Answer to the budget travesty: tax profits and end the wars

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On April 15, the U.S. House of Representatives passed Rep. Paul Ryan’s version of the 2012 federal budget. Called the “Path to Prosperity,” it embodies the biggest shift of wealth from one class to another in U.S. history. The Ryan plan would decimate Medicare, gut Medicaid and slash two million jobs. At the same time, it cuts the top income tax rates from 35 percent to 25 percent, makes the Bush tax cuts permanent and increases military spending by 15 percent.

Egged on by the Tea Party phenomenon, Congress wants to slash $4.2 trillion from subsistence programs such as food stamps, then turn around and give handouts to the wealthy in the form of tax breaks and corporate subsidies. The price tag of this welfare for the rich comes to $4.1 trillion, just about the same amount as the proposed cuts. So the Ryan plan clearly has nothing to do with “reducing the deficit.”

While working people and poor families try to save their homes or pay the rent and handle skyrocketing gas and food prices, corporations and banks haul in record profits and pay the lowest tax rate in 50 years. In 1961 nearly a third of federal tax revenue was from big business. Last year it was only nine percent. Using the depression caused by Wall Street as an excuse, U.S. capitalists and their backers in Congress are poised to cut even more taxes for the rich and take it out of the hides of the working class.

Shredding 75 years of reform. House Republicans are proposing cuts that would radically alter the social landscape and erode the hard-won gains of working people. This is not just “belt tightening,” “living within our means” or “shared sacrifice.” The attacks on unions, especially public employees, are all part of a right-wing effort to push workers back into sweatshops to provide cheap labor. By demolishing the safety net — things like Medicaid, Pell grants for college, public workers’ pensions, health insurance, housing assistance and programs for the elderly — the CEO’s are literally stealing from the poor to give to the rich!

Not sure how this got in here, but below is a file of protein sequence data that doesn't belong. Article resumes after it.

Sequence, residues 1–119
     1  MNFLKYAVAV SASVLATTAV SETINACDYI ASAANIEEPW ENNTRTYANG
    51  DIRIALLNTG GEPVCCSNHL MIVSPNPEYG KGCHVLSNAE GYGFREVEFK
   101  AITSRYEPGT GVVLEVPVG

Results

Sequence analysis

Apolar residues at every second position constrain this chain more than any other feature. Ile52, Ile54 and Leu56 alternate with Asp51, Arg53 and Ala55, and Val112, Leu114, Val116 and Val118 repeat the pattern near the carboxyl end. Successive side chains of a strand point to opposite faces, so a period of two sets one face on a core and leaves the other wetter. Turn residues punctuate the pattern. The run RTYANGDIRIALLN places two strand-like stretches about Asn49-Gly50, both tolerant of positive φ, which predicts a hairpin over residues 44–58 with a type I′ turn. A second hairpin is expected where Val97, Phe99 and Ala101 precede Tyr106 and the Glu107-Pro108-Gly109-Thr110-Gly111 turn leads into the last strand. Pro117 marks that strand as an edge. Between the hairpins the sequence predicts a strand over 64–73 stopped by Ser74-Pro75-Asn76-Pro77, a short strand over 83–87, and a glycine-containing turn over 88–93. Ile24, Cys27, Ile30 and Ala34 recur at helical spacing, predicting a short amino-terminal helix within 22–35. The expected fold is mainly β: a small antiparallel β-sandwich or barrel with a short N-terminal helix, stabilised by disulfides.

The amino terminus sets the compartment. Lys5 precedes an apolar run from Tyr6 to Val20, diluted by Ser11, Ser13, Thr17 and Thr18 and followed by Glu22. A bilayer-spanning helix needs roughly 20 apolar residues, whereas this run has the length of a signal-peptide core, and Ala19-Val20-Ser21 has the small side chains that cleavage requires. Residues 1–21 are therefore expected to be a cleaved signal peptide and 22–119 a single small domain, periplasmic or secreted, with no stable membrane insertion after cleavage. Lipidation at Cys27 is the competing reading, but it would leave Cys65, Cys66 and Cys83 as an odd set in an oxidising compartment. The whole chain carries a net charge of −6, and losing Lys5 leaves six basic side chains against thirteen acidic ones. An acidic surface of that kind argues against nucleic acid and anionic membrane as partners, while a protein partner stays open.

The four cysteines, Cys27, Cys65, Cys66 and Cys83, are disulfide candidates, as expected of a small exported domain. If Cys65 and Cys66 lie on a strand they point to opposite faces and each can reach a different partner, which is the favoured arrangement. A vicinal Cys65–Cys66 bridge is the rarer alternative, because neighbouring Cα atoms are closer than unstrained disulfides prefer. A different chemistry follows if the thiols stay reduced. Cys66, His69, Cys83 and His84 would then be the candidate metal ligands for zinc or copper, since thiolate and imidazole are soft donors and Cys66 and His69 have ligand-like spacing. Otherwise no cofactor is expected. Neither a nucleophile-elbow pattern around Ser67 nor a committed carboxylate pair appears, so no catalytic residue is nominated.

Workers of all ages and in private and public sectors are fighting back. Union busting attempts by the governors of Wisconsin and Ohio have sparked massive demonstrations of public workers and their allies. And during the congressional recess last April, Republican representatives were greeted at home by Town Halls packed with irate workers and elders, mostly women, shouting out their disapproval of the Ryan plan.

Democrats jump on the deficit bandwagon. Many workers expected the opposition party to be outraged at this all-out offensive on working and poor people. Instead, Democrats have joined the right-wingers in clamoring for deficit reduction.

Prior to the current budget battle, Obama set up a Deficit Reduction Commission (called the Cat Food Commission because it would reduce seniors to eating cat food) to advise him on ways to reduce the deficit. The Commission’s proposal called for raising the age for Social Security to 69 and privatizing Medicare.